Report: US, Others Must Do More to Fight Trafficking

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The State Department says that up to 27 million people worldwide are trapped in some form of human trafficking and slavery.

The department's latest annual report revealed only 33 countries have complied with laws to end human trafficking.

Secretary of State Hillary Clinton unveiled the report Tuesday. She noted that other countries are making progress in fighting modern-day slavery, but said there's still lots more to be done -- even in the United States.

"This report gives a clear and honest assessment of where all of us stand," Clinton said. "It takes a hard look at every government in our world including our own...It is important that we hold ourselves to the same standard as everyone else."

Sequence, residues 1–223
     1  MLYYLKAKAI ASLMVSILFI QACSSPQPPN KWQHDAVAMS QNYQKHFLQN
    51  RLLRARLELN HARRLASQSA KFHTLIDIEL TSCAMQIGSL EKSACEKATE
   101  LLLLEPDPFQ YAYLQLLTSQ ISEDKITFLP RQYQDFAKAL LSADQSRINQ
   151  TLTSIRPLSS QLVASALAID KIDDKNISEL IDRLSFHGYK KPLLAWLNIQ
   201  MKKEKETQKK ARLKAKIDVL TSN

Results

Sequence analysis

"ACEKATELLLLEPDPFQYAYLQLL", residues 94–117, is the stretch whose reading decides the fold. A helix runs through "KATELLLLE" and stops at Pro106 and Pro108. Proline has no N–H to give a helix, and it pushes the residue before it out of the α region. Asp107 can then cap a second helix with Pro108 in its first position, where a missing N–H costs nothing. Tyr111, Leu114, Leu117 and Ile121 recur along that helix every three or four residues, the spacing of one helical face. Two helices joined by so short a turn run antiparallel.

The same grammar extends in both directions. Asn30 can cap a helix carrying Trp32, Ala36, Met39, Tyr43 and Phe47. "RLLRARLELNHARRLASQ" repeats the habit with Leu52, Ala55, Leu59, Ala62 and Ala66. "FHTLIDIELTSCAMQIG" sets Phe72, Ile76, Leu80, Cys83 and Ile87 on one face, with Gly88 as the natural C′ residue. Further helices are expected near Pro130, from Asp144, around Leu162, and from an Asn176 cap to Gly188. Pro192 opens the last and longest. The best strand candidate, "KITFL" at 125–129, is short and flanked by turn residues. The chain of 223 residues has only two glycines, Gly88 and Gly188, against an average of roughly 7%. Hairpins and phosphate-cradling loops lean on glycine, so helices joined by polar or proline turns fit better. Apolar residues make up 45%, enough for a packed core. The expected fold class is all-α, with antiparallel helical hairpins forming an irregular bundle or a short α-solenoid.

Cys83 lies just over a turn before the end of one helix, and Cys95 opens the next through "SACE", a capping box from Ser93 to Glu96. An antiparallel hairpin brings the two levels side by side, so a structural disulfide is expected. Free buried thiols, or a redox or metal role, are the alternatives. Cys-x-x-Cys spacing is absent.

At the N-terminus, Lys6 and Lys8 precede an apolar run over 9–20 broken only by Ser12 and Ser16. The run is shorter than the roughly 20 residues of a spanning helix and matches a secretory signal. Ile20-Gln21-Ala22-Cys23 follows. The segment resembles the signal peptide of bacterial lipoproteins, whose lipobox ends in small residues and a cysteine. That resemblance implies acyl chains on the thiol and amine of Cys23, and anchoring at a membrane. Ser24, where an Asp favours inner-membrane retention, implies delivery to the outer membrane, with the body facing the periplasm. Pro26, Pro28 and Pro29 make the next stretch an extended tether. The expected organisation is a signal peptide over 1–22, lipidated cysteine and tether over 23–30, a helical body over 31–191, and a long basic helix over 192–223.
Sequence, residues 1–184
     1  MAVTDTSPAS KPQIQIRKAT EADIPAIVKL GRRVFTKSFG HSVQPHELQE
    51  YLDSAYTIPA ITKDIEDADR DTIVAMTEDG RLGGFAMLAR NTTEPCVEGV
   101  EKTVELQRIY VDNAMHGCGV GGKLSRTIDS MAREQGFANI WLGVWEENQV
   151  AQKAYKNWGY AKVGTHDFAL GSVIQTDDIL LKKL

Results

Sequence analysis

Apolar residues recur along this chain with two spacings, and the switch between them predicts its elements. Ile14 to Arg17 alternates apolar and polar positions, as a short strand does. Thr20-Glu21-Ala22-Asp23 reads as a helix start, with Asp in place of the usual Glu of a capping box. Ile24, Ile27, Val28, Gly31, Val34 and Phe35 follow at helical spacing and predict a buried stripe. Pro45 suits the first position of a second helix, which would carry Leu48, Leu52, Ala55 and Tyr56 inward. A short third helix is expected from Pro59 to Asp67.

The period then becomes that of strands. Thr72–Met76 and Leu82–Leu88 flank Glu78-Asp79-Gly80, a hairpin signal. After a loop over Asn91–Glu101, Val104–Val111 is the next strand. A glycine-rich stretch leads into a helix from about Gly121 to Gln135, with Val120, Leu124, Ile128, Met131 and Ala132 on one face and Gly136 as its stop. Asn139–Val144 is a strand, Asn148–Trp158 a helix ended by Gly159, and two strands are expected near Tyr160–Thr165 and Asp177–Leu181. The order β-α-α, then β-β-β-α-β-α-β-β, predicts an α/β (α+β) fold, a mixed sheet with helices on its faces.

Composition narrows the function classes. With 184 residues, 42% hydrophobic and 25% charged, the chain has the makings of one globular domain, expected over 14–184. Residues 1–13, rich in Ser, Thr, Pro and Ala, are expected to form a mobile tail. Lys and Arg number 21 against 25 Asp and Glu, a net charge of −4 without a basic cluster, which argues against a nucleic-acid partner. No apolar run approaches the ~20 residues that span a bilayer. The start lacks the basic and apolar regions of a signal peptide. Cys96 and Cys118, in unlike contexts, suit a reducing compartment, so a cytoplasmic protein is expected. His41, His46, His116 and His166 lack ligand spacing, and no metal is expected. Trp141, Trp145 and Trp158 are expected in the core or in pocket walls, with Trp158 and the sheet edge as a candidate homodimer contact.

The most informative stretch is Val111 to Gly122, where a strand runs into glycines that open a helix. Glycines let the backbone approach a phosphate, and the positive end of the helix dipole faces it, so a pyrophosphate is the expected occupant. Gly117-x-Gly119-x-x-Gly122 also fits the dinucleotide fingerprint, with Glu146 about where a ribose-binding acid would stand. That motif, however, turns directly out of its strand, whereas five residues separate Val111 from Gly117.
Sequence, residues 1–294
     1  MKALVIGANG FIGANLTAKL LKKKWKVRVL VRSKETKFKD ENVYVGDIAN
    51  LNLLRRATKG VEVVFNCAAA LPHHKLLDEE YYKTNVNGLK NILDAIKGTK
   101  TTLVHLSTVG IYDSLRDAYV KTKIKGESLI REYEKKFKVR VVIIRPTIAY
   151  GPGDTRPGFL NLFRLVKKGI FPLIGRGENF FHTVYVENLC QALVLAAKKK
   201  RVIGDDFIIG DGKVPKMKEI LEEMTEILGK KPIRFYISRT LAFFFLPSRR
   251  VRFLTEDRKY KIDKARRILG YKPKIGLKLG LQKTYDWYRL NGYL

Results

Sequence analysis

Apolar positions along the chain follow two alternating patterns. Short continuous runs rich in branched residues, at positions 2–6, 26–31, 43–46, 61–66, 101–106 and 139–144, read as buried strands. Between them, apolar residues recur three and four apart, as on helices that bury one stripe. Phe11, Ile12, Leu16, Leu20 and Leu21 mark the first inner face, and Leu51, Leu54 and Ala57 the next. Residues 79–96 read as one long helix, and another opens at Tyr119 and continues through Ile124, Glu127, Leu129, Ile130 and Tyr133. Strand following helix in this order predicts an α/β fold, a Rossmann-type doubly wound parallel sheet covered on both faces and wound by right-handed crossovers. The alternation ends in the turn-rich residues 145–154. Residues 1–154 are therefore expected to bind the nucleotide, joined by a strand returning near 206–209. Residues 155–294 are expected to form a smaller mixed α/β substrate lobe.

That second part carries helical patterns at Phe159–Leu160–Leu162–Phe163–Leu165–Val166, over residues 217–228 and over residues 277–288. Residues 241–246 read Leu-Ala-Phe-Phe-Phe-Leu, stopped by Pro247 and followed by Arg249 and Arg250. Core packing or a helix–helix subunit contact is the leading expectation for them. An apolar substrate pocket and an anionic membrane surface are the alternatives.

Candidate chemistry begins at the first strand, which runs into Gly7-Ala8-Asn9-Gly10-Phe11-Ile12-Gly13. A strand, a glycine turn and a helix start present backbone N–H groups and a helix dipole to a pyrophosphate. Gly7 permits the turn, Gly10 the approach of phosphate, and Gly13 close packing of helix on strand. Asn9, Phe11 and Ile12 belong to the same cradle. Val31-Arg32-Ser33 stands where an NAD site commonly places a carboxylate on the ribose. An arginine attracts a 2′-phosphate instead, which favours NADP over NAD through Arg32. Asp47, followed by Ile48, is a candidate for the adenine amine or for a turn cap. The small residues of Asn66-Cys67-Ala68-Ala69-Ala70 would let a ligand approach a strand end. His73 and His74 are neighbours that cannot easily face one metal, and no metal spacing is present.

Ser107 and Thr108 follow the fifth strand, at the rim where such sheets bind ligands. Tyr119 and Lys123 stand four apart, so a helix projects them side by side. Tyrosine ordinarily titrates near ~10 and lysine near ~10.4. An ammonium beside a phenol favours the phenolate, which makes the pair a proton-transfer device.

Overall, the U.S. was ranked among the top countries combating human trafficking, but researchers said the nation needs to improve techniques for gathering data on the crime.

North Korea, Iran, Sudan, and the Democratic Republic of the Congo were ranked as some of the worse offenders.

The Polaris Project, a non-profit group fighting human trafficking, said calls reporting sex trade and modern-day slavery are on the rise.

The group received more than 19,000 calls in 2011 -- a 64 percent increase according to Polaris Project leaders.

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